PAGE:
Poverty remains a stubborn fact of life even in rich countries like Canada. In particular, the poverty of our children has been a continuing concern. In 1989, the Canadian House of Commons voted unanimously to eliminate poverty among Canadian children by 2000 (). However, the reality is that, in 2003, one of every six children still lived in poverty. Not only have we been unsuccessful at eradicating child poverty, but over the past decade, the inequity of family incomes in Canada has grown (), and for some families, the depth of poverty has increased as well (). Canadian research confirms poverty’s negative influence on student behaviour, achievement and retention in school ().
Persistent socioeconomic disadvantage has a negative impact on the life outcomes of many Canadian children. Research from the Ontario Child Health Study in the mid-1980s reported noteworthy associations between low income and psychiatric disorders (), social and academic functioning (), and chronic physical health problems (). Since that time, Canada has developed systematic measures that have enabled us to track the impact of a variety of child, family and community factors on children’s well-being. The National Longitudinal Survey of Children and Youth (NLSCY) developed by Statistics Canada, Human Resources Development Canada and a number of researchers across the country was started in 1994 with the intention of following representative samples of children to adulthood (). Much of our current knowledge about the development of Canadian children is derived from the analysis of the NLSCY data by researchers in a variety of settings.
One of the key areas influenced by family income is educational outcomes. The present article provides a brief review of the literature concerning the effects of poverty on educational outcomes focusing on Canadian research. Canadian data are placed in the perspective of research from other ‘rich’ countries. We conclude with some suggestions about what we can do, as advocates and practitioners, to work toward reducing the negative impact of economic disadvantage on the educational outcomes of our children.


School readiness reflects a child’s ability to succeed both academically and socially in a school environment. It requires physical well-being and appropriate motor development, emotional health and a positive approach to new experiences, age-appropriate social knowledge and competence, age-appropriate language skills, and age-appropriate general knowledge and cognitive skills (). It is well documented that poverty decreases a child’s readiness for school through aspects of health, home life, schooling and neighbourhoods. Six poverty-related factors are known to impact child development in general and school readiness in particular. They are the incidence of poverty, the depth of poverty, the duration of poverty, the timing of poverty (eg, age of child), community characteristics (eg, concentration of poverty and crime in neighborhood, and school characteristics) and the impact poverty has on the child’s social network (parents, relatives and neighbors). A child’s home has a particularly strong impact on school readiness. Children from low-income families often do not receive the stimulation and do not learn the social skills required to prepare them for school. Typical problems are parental inconsistency (with regard to daily routines and parenting), frequent changes of primary caregivers, lack of supervision and poor role modelling. Very often, the parents of these children also lack support.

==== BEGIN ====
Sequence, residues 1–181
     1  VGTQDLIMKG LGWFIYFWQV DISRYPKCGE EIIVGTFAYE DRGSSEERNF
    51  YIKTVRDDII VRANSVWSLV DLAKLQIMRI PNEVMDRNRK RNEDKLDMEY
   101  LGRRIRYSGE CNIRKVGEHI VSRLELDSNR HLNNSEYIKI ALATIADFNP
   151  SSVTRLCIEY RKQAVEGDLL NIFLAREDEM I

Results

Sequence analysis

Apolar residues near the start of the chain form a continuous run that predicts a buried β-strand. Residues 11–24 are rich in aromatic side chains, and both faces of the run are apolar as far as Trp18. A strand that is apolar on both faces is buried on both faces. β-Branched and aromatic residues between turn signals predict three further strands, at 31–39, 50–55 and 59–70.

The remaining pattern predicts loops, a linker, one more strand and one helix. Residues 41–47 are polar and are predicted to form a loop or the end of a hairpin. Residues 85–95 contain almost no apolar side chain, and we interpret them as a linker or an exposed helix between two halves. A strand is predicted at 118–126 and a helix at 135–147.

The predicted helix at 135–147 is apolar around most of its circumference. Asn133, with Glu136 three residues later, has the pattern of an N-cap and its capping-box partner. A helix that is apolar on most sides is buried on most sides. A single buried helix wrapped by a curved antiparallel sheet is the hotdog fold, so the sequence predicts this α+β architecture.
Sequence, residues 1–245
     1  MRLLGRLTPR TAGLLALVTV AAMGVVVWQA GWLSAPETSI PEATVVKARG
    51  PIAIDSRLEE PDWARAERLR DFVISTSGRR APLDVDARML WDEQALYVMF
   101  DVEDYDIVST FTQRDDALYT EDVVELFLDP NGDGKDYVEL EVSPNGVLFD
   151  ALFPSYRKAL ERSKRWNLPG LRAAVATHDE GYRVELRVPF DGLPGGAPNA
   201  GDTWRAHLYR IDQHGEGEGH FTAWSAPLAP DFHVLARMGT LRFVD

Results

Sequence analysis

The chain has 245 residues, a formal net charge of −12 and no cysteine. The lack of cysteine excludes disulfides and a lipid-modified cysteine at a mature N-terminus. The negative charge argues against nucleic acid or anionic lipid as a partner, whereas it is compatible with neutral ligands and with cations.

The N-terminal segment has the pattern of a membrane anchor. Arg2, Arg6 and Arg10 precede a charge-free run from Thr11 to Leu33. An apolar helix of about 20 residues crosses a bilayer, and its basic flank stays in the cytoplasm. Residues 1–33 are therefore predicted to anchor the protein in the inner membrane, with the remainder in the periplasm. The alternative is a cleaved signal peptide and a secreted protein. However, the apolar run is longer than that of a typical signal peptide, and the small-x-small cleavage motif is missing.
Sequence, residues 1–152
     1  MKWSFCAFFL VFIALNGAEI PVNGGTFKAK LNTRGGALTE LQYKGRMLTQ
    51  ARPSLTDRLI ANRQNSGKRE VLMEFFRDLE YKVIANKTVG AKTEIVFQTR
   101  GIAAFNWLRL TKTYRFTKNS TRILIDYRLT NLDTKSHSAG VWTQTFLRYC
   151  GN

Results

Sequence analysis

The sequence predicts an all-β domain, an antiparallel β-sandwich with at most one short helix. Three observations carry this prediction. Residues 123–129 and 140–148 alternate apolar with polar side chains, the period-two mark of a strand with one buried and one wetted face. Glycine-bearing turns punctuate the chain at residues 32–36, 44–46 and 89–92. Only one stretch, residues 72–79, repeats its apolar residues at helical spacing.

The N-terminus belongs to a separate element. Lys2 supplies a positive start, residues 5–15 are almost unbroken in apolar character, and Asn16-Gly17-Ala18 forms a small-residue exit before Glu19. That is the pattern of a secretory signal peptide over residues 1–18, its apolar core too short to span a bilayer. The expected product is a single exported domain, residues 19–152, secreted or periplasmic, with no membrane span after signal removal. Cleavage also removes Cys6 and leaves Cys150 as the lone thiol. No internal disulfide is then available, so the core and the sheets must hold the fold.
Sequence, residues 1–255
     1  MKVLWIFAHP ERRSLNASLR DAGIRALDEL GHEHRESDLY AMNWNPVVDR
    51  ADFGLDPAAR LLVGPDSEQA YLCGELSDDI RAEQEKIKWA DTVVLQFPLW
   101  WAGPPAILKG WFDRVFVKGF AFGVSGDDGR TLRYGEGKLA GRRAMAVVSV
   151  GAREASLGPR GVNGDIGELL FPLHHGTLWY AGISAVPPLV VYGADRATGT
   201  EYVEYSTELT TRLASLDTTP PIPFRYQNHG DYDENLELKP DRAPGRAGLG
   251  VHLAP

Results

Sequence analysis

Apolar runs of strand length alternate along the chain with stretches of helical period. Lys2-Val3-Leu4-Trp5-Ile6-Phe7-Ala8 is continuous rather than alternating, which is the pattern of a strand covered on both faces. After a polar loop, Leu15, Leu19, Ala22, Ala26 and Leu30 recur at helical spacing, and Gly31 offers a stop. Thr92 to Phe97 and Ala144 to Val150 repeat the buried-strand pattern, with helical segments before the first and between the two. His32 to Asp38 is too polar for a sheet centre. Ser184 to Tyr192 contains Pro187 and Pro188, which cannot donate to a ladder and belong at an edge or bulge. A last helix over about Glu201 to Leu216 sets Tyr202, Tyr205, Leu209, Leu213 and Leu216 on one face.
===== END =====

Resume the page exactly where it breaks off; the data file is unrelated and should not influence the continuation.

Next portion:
Canadian studies have also demonstrated the association between low-income households and decreased school readiness. A report by Thomas () concluded that children from lower income households score significantly lower on measures of vocabulary and communication skills, knowledge of numbers, copying and symbol use, ability to concentrate and cooperative play with other children than children from higher income households. Janus et al () found that schools with the largest proportion of children with low school readiness were from neighbourhoods of high social risk, including poverty. Willms () established that children from lower socioeconomic status (SES) households scored lower on a receptive vocabulary test than higher SES children. Thus, the evidence is clear and unanimous that poor children arrive at school at a cognitive and behavioural disadvantage. Schools are obviously not in a position to equalize this gap. For instance, research by The Institute of Research and Public Policy (Montreal, Quebec) showed that differences between students from low and high socioeconomic neighbourhoods were evident by grade 3; children from low socioeconomic neighbourhoods were less likely to pass a grade 3 standards test ().


Studies emanating from successive waves of the NLSCY have repeatedly shown that socioeconomic factors have a large, pervasive and persistent influence over school achievement (). Phipps and Lethbridge () examined income and child outcomes in children four to 15 years of age based on data from the NLSCY. In this study, higher incomes were consistently associated with better outcomes for children. The largest effects were for cognitive and school measures (teacher-administered math and reading scores), followed by behavioural and health measures, and then social and emotional measures, which had the smallest associations.
These Canadian findings are accompanied by a large number of studies in the United States that have shown that socioeconomic disadvantage and other risk factors that are associated with poverty (eg, lower parental education and high family stress) have a negative effect on cognitive development and academic achievement, smaller effects on behaviour and inconsistent effects on socioemotional outcomes (). Living in extreme and persistent poverty has particularly negative effects (), although the consequences of not being defined below the poverty line but still suffering from material hardship should not be underestimated (). Furthermore, American studies found strong interaction effects between SES and exposure to risk factors. For instance, parents from disadvantaged backgrounds were not only more likely to have their babies born prematurely, but these prematurely born children were also disproportionately at higher risk for school failure than children with a similar neonatal record from higher income families ().